This contribution reports an integrated chemical and physicochemical study of the effects of halogen (I2, Br2) doping on the cofacially joined metallomacrocyclic polymers [M(Pc)0]. Resonance Raman and transmission infrared spectroscopy indicates the formation of [formula omitted]materials for y < 1.1. In contrast, for M = Sn, evidence is presented for the destruction of the tin-oxygen bonds upon doping. For M = Si and Ge, the transmission infrared spectra also reveal the progressive growth of electronic absorption with incremental doping; the effect is somewhat stronger for Si than for Ge. Transmission optical spectra of these materials reveal the formation of phthalocyanine π radical cation species and chains of I3“ counterions. EPR spectra are also in accord with the ligand-centered π radical character of the halogen oxidation. Studies of the doping process (M = Si, Ge) by X-ray diffractometry indicate that it is inhomogeneous and that a single, limiting phase of stoicmometry y 1.1 is produced upon halogenation. Structural characterization of the ([Si(Pc)0]ILl2), ([Ge(Pc)O]I1.12), and ([Si(Pc)0]Bru2) phases by computer analysis of the diffraction data (supported by judiciously selected model compounds) indicates architectural motifs that are essentially isomorphous with Ni(Pc)I, i.e., stacks of staggered M(Pc) units and parallel chains of I3” counterions. The data can be indexed in space group P4/mcc, Z = 2, with a = 13.936 (6) Á, c = 6.488 (3) Á, phthalocyanine staggering angle = 39.5º (Ni); a = 13.97 (5) Á, c = 6.60 (4) Á, staggering angle = 39 (3)º (M = Si); a = 13.96 (5) Á, c = 6.96 (4) Á, staggering angle = 40 (4)º (M = Ge). Evidence is presented that the I3 (or Br3) counterions are disordered along c. Variable-temperature static magnetic susceptibility studies of the ([M(Pc)O]Iy)n polymers reveal a small, sample-dependent Curie component and a Pauli-like, weakly temperature-dependent contribution. The magnitude of the latter is linearly proportional to y and can be associated with the fully doped, y 1.1 phase. The magnitude of the Pauli-like component increases with increasing interplanar ring-ring spacing (Ni – Si -> Ge) while bandwidths (4t) calculated on the basis of a simple tight-binding model decrease. High-resolution 13C NMR spectra (1H decoupled with cross-polarization and magic angle spinning) reveal a downfield shift of [Si(Pc)G] carbon resonances upon doping. Optical reflectivity studies of the M = Si and Ge materials reveal the development of a plasma-like edge in the infrared upon incremental doping with iodine (the effect is stronger for Si than for Ge). Comparison of the data for Ni(Pc)I, ([Si(Pc)0]l! 12), and ([Ge(Pc)0]l1.12) reveals the progressive shift of the edge to lower energy with increasing interplanar spacing (Ni – Si – Ge). This trend is paralleled by plasma frequencies (wp) derived from a Drude analysis and tight-binding bandwidths calculated therefrom. Four-probe electrical conductivity measurements for polycrystalline samples of the Si and Ge polymers reveal a sharp increase in conductivity upon incremental iodine doping. The functional form of the a vs. y plot can be fit to a simple percolation model, in accord with the inhomogeneous character of the doping. For the fully doped materials, the compaction conductivity inversely correlates with the ring-ring interplanar spacings, viz., [formula omitted] The temperature dependence of the conductivity data (4.2-300 K) indicates a region of falling [formula omitted] for M = Ni and Si, suggesting “metal-like” charge transport in the stacking direction near room temperature (already established for M = Ni), while the M = Ge material does not exhibit such behavior. The conclusion for ([Si(Pc)0]l1.12)n is supported by voltage-shorted compaction measurements. The temperature dependence of the M = Ni, Si and Ge powder conductivity data can best be fit to a transport model involving fluctuation-induced carrier tunneling through parabolic potential barriers that separate the high conductivity regions.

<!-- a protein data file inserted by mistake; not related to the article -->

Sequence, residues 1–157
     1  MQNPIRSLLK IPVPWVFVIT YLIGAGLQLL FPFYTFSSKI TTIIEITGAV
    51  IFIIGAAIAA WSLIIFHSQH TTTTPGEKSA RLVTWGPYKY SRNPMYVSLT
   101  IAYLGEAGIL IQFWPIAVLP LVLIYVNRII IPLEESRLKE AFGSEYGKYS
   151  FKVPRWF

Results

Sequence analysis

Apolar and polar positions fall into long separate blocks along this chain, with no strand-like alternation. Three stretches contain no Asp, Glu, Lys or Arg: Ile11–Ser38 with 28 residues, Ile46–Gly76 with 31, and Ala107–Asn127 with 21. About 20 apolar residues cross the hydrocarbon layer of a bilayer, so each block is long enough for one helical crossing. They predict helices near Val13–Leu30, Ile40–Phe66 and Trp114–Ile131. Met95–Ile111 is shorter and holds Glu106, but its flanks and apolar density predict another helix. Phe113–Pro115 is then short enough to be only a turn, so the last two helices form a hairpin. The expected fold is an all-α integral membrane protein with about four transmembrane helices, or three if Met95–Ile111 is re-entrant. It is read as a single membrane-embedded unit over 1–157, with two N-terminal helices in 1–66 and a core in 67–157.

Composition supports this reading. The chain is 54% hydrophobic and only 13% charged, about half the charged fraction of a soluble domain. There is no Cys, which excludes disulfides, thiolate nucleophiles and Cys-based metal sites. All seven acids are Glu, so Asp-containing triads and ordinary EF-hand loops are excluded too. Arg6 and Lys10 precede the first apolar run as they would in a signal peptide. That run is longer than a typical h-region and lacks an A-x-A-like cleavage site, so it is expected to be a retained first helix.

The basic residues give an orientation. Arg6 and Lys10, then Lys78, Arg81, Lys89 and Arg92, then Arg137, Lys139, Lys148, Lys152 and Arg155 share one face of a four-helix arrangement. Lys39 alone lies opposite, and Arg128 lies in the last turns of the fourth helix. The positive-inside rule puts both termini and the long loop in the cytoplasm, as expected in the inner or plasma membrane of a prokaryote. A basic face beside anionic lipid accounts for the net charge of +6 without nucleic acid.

ASJC Scopus subject areas
- Colloid and Surface Chemistry